Pandemic Diversions: On the Modern Day Myths and Freaky Folktales of The Siberian Times
Farah Abdessamad in Praise of the Best Damn Newspaper
East of the Urals
Frozen methane bubbles grace eerily beautiful lakes. Giant, dead octopi litter an Arctic seashore. Seven blizzard-rescued puppies—four males, three females—are orphaned from their mother, who has frozen to death. Pristine aurora borealis brighten the sky. Bear cannibalism is a growing phenomenon, apparently, owing to depleting stock of salmon. I remember my earlier lunch with a pang of guilt.
I am reading the Siberian Times, an English-language online newspaper on Siberia, which covers all things folk, bizarre, and whimsical east of the Ural Mountains. Established in 2012, the newspaper shares stories from a land mass larger than the entire United States (with loose geographical borders, since Siberia isn’t a specific administrative region of the Russian Federation). At first glance, I consider the paper nothing more than an elaborate satire.
Quarantining at home in New York City for about a year now, while others have aspired to (and sometimes already abandoned) sourdough baking, chess, Japanese classes, and generous cocktail hours paired with Zeitgeist Zoom quizzes, I’ve followed seasons—first blooms, first snow flurries—come and go through the Siberian Times’ tiny Twitter peephole. I am squeezed at the back of a mega post-war building in Manhattan and the Siberian Times is the perfect counter-image to my quotidian.
I learned that Leonardo DiCaprio’s maternal grandmother was Russian and that marking the end of the skiing season in Irkutsk or Sakhalin Island is a celebratory bikini day as people take to the slopes half naked (while I layered up well through early summer). A June 2020 article on global warming and its effect on Siberia turns into a boutique photo-op space for Instagram-era, thirst-trap savvy influencers. Rather than the curves of rising temperatures over longitudinal graphs, the site presents those of young, manicure-ready women reclining on disorienting sand dunes (Dubai or Yakutia?). On the homepage, algorithms generate Siberia-inspired quotes from Chekhov or Dostoevsky, contemporary journalists and other writers. “In Siberia… the land is richly blessed and all that is needed is to make the most of it,” one of them says—a curious plea alongside a piece about local cows needing to wear mouton bras to battle frostbite.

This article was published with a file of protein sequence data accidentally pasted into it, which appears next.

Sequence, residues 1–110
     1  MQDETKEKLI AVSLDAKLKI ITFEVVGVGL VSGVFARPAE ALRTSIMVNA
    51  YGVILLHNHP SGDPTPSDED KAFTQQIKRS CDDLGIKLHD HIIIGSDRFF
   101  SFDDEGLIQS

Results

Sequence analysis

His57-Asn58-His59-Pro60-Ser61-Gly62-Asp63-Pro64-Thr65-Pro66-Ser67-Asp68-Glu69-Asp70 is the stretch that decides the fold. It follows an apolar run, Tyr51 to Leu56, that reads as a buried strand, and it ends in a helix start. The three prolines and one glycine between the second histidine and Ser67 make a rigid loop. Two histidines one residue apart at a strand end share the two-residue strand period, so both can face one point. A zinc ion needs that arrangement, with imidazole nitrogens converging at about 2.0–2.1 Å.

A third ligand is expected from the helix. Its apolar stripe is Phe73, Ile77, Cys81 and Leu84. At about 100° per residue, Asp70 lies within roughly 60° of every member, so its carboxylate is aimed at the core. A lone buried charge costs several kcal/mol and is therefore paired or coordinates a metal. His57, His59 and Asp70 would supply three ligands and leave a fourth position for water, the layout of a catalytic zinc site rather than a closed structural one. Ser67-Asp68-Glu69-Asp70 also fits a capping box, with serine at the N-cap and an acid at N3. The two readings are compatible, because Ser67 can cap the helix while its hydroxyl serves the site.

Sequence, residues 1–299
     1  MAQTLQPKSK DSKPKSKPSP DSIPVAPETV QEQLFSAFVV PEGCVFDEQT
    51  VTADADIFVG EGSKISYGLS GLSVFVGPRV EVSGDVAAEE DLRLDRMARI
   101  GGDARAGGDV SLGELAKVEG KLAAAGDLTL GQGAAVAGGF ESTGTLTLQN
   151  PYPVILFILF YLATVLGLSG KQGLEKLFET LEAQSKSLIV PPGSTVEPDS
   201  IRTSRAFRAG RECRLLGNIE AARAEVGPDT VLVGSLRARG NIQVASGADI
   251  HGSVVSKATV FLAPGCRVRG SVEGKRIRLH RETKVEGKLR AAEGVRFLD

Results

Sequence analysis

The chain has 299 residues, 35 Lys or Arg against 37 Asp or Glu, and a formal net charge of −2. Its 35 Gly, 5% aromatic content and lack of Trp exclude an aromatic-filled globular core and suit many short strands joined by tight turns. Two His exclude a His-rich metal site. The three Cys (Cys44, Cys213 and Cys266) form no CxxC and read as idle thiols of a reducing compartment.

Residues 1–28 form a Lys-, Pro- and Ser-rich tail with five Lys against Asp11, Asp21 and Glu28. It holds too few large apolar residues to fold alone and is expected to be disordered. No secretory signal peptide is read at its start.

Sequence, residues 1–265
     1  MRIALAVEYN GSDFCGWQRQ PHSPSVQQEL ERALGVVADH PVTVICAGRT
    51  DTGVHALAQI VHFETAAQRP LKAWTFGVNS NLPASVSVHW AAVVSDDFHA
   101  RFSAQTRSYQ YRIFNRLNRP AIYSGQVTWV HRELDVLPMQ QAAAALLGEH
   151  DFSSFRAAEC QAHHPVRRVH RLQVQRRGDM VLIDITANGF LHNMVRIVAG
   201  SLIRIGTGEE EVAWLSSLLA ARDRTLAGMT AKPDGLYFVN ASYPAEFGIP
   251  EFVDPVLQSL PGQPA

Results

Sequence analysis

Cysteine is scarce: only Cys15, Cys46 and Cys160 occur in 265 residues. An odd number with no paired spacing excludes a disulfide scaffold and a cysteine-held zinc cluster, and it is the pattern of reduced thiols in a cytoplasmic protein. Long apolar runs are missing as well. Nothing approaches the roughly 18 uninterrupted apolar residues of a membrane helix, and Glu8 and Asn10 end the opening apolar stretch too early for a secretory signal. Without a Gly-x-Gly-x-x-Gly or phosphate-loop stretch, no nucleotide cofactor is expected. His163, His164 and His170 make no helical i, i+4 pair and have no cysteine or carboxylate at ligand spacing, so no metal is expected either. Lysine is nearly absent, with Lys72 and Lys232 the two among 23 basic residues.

So far, there are two pieces I’ve found particularly revealing. The first is a portrait of the so-called “loneliest” woman, a 76-year-old hermit named Agafya Lykova, to whom, as the piece describes, a Russian billionaire donated an upgraded wooden cabin. Agafya’s parents allegedly fled the Stalin-era religious persecution of the 1930s by taking refuge in the forest. The article claims that her lifestyle is the same as people would have lived at the time of Catherine II, two centuries ago; she’s also, infuriatingly, compared to Mowgli, the feral animal-raised boy from the Jungle Book. For a publication that seeks to “challenge stereotypes” according to a 2012 interview with its online editor, it’s a regrettable, deeply upsetting piece.